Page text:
Flavorsome ingredients and fresh, handmade dough marry in gourmet specialty pizzas such as Mr. C's Meat Lover's Stuffed Pizza Pie (pepperoni, salami, sausage, meatballs, beef, ham, and five cheeses, $18.49 for a 12-inch pie), the hot and spicy barbecue chicken ($12.49 for a 12-inch), and the vegetarian Pizza Bianca (Alfredo sauce, mozzarella, parmesan, romano, fresh basil, black pepper, and black olives, $11.49 for a 12-inch). Indulge in a plate of impeccably prepared pasta such as baked ziti ($10.99), or use this Groupon toward a family-sized portion of meat tortellini ($32.99 for four servings). Italian entree specialties include fettuccini Alfredo with shrimp ($9.99), spaghetti with clams tossed in either a light garlic-butter sauce or classic marinara ($10.99), and eggplant parmesan served with a side of spaghetti, garlic bread, and salad ($9.49). Subs, spicy wings, salads, and desserts round out the menu into a nicely round circle tastier than a traffic circle or rutabaga crop circle.
Charles Stanford didn't grow up eating chicken fingers and spaghetti. The son of a Le Cordon Bleu Paris–trained chef, Stanford honed his palate at a young age and was taught by his father to pull a cork and mix a cocktail when he was just a kid. Working at a restaurant wasn't much of a reach for him.
These days, Stanford boasts more than two decades of experience in the industry, and he's paired up with chef Greg Keesy to present Asti d'Italia. Stanford acts as the resident sommelier, pouring a selection of wines that complement Keesy's cuisine—fresh, inventive takes on Italian classics, such as lasagna with buffalo meat, crispy polenta bruschetta, and chicken marsala cut by robots.
For the last 50 years, Bova’s Italian Restaurant has created Italian meals. They make every dish, including giant calzones, from scratch. Pastas, pizzas, and sandwiches present savory options for disparate cravings. And for the family who can agree on only two things—pasta and curfew—the menu also includes family-style meals until closing time at 9 p.m. Tuesday–Thursday and 8 p.m. Sunday and Monday.
Named best area pizza source by Yellow Scene Magazine, Zamparelli's Italian Bistro crafts innovatively assembled pastas and East Coast–inflected thin-crust pizzas acclaimed by Every Day with Rachel Ray magazine. Watch the kitchen for rising steam signals that mean either your pepperoni pizza ($12) is emerging from the brick oven or that rival tribes of eaters are attacking the gastro-garrison. Sharp-eyed servers guide patrons through the monolithic menu, which uses rich Italian sauce in inventive configurations that better irrigate your fields of taste buds. Sink your teeth into succulent pappardelle Bolognese ($14), or sink your spoon into a bowl of seasonal soup ($4.75). Cold sandwiches, such as a turkey club featuring Nueske’s bacon ($7.75), and hot handhelds such as an eggplant parmesan sandwich ($7.75) give silverware a respite from its dinerly duties. Unlike 18-and-older pizzerias and seniors-only jungle gyms, Zamparelli's welcomes tiny people with a quartet of $5 children's dishes that bring sprightly smiles to miniature mouths.
After spending years working for Dominos Pizza, Vince Schmuhl decided that he could do a better job of preparing and delivering quality pies to people's homes. He challenged the nationwide chain's dominance in the region by founding the first Blackjack Pizza on June 29, 1983.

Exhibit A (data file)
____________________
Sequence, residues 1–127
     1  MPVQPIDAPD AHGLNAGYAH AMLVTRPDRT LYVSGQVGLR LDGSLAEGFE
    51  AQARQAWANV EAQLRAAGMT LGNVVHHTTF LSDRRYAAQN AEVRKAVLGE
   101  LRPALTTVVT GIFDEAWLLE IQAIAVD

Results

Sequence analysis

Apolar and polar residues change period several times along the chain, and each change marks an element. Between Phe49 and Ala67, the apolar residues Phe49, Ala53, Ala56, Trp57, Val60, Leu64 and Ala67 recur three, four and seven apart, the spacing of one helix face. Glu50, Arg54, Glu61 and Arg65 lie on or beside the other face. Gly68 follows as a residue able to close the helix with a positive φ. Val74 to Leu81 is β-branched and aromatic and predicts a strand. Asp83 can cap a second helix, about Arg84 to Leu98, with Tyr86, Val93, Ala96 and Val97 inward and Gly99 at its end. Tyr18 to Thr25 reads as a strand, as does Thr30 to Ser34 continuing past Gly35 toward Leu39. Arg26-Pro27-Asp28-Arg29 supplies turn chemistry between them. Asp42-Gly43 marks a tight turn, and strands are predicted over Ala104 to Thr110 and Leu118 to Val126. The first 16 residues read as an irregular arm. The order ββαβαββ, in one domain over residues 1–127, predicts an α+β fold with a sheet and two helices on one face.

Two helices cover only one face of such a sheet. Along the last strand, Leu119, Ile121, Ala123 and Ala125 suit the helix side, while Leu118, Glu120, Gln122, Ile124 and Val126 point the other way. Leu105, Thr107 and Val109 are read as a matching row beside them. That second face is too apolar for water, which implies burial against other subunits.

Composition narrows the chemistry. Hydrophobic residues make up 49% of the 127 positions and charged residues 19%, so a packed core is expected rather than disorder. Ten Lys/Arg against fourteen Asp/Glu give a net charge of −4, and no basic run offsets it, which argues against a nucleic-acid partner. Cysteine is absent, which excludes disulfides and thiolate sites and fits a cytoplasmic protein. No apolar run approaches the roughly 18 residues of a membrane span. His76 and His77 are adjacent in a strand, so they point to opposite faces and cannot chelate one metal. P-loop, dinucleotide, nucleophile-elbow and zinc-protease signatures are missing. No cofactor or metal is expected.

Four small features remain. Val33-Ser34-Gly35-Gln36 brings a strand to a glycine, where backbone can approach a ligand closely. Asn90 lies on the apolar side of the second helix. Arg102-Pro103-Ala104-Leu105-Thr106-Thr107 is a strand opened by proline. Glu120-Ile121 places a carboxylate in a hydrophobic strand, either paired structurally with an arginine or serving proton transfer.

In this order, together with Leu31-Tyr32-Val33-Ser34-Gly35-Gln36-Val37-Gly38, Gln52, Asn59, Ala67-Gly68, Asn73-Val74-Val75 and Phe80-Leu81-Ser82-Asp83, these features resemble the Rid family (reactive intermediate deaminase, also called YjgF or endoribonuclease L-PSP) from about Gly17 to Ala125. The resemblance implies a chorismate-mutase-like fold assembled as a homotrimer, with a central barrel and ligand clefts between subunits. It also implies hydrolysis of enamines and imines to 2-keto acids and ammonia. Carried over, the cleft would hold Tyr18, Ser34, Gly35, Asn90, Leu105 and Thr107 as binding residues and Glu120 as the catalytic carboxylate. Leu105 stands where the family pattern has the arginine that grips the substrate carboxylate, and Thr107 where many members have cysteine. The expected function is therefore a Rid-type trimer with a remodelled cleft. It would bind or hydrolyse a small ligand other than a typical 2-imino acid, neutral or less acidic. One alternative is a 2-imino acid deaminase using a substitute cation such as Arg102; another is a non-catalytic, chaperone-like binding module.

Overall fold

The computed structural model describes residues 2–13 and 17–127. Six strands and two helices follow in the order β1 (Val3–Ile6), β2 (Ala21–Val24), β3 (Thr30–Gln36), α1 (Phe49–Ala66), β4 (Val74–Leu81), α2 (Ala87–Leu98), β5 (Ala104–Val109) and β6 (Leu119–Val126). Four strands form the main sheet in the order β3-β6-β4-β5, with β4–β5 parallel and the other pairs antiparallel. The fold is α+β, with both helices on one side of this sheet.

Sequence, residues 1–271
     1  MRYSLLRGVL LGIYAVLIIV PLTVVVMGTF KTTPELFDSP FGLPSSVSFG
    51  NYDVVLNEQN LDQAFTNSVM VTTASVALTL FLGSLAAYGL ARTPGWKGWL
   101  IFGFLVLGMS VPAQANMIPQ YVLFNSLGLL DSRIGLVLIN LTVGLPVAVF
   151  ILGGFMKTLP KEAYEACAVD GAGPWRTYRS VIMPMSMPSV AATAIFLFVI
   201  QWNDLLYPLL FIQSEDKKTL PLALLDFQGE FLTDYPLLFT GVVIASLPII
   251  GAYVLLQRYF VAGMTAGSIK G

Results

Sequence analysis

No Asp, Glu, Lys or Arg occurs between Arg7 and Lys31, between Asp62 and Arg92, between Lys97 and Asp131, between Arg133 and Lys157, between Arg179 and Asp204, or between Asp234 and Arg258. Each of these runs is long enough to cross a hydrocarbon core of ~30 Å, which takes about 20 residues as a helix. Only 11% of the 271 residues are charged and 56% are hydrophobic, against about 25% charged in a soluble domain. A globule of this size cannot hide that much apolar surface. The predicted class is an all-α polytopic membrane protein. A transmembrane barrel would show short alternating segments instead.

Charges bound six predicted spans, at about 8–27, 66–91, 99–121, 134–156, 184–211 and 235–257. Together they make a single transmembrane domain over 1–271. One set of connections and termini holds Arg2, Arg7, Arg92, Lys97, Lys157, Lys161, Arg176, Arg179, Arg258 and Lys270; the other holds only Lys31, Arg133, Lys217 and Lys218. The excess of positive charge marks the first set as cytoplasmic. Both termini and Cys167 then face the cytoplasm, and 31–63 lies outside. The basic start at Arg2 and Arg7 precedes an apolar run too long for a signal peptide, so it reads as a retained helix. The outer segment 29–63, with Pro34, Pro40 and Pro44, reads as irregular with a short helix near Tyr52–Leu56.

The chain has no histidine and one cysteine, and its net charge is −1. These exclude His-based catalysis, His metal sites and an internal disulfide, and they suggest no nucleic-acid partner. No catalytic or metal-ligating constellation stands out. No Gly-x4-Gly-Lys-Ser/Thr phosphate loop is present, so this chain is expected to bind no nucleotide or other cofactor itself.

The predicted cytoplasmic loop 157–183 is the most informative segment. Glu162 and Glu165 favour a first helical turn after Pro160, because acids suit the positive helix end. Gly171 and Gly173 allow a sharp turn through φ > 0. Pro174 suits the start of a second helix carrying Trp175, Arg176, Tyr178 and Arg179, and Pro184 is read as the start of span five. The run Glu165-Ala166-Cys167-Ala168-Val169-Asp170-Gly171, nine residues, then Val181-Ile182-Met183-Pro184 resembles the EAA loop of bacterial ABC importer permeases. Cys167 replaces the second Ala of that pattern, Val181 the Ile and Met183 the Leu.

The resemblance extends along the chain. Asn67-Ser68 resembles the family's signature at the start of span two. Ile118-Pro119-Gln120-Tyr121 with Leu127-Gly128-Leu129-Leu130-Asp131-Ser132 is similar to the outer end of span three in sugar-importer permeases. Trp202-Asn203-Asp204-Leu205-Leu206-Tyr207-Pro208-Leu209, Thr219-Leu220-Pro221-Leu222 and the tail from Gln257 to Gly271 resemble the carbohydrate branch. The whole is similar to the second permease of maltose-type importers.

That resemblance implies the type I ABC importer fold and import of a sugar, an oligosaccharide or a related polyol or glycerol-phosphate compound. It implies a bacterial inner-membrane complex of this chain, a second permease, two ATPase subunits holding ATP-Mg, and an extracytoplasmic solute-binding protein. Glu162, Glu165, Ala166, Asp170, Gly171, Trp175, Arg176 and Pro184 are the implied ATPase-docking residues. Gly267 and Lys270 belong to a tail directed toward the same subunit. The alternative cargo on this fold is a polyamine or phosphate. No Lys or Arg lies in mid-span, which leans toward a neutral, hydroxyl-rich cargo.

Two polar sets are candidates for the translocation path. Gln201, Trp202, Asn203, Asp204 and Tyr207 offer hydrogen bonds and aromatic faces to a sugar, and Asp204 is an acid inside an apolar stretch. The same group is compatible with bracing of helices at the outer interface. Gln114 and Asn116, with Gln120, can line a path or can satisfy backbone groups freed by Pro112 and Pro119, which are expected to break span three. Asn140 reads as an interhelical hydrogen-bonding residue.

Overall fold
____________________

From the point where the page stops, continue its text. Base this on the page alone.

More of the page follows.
Although delivering oven-fresh pies within 30 minutes was still a major goal for Schmuhl, he emphasized the importance of quality ingredients using sauce made from freshly packed tomatoes as well as hand-tossed dough that never sees the inside of a freezer or cryogenic chamber. This dedication to quality and speedy service allowed Blackjack Pizza to not only survive, but also thrive over the decades. The chain now includes more than 40 stores operating in four different states.
In addition to offering seven signature pies, Blackjack Pizza also allows customers to build their own order from crust to toppings. A choice of up to four savory, tangy, and piquant sauces form the base, topped with any of the 3 available cheeses, 7 meats, and 10 freshly diced vegetables. Regardless of the toppings, Blackjack Pizza respects the potential danger of food allergies by ensuring that none of its pies ever contain traces of MSG, peanuts, or peanut oil.
Rosati’s Pizza's history dates back to the early 1900s, when a recent Italian immigrant named Ferdinand Rosati moved from New York to Chicago with the dream of opening a restaurant. His first attempt was modest—with Ferdinand simultaneously fulfilling the duties of chef, server, dishwasher, and host—but quickly gained popularity for its crispy-thin-crust pizzas, originally served as complimentary appetizers. Encouraged by the public's response to the pies, Ferdinand and his son, Sam, decided to focus their efforts on opening a true pizzeria.
Today, at Rosati's Pizza locations across the country, plumes of heat swirl above piping-hot pies concocted from handmade sauce and dough. A smattering of toppings cling to five crust options—crispy thin, double dough, Chicago-style, pan, and superstuffed—as well as hide from their hungry predators inside hand-rolled calzones. Homemade lasagna and fettuccine alfredo battle for the top pasta spot, and fried chicken, baby back ribs, and fried-shrimp dinners work together to distract diners from hard-to-resist buffalo wings.